Tuesday, August 30, 2011

Rejection of Rococo

Detail from The Coronation of Napoleon (1806) by Jacques-Louis David

Today marks the birth date of Jacques-Louis David, born in 1748. David came into prominence during the Revolutionary era of France and remained a vital artistic influence throughout the Napoleonic era. He painted in a Neoclassical style, with a sculptural severity that rejected the flowing elegance and opulence of the Rococo style of his predecessors.

I'm not a fan of his works. The style feels stiff and excessively dramatic with propagandist overtones. But they are powerful paintings with excellent technique and engaging narrative composition. Moreover, these works absolutely must be seen in person to be fully appreciated. Their sculptural design may look clunky in a picture book or webpage, but this illusionist use of perspective and modelling makes for a commanding and monumental pictorial space when viewed on site.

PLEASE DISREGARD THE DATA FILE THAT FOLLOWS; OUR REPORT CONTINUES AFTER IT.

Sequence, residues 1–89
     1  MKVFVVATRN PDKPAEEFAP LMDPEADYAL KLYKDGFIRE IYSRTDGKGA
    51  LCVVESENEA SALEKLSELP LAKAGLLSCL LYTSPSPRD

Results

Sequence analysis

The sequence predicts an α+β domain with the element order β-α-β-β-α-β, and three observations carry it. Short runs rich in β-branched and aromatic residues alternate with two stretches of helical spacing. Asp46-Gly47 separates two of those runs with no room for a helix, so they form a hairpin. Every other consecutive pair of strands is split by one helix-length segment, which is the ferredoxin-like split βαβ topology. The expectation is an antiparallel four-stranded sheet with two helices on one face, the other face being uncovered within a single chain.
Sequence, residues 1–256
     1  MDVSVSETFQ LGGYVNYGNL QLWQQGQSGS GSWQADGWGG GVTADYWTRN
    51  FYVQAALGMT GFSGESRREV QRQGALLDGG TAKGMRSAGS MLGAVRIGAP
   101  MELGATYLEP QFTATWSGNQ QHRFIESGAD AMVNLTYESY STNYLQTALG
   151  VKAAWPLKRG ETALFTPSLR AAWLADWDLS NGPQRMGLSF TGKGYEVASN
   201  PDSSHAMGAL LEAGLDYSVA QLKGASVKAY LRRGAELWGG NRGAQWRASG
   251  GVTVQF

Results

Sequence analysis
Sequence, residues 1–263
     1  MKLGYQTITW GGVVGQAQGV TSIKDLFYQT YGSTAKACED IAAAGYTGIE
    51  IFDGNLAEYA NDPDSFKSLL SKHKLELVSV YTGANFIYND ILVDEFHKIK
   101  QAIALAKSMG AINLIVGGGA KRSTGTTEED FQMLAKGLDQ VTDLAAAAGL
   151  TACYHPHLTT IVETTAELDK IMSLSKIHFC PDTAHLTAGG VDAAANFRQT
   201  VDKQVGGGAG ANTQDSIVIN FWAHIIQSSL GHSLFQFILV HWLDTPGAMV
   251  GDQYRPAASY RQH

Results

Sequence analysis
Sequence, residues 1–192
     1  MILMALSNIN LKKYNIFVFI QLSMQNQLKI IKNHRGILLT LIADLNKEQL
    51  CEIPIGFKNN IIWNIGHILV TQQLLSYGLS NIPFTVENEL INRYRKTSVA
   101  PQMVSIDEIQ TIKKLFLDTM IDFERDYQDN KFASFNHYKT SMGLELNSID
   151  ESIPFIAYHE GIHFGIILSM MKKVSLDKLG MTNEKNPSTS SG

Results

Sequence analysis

Self Portrait of the Artist (1794) by Jacques-Louis David

So, although I'm not an enthusiast, I certainly admire David's artworks.

Moreover, I really enjoy the historical content of his works, both the imagining in regards to antiquity and the depictions of his "heroic" contemporaries, such as Napoleon or Marat.

Detail of The Death of Socrates (1787) by Jacques-Louis David

Here's a nice vid showcasing his works:


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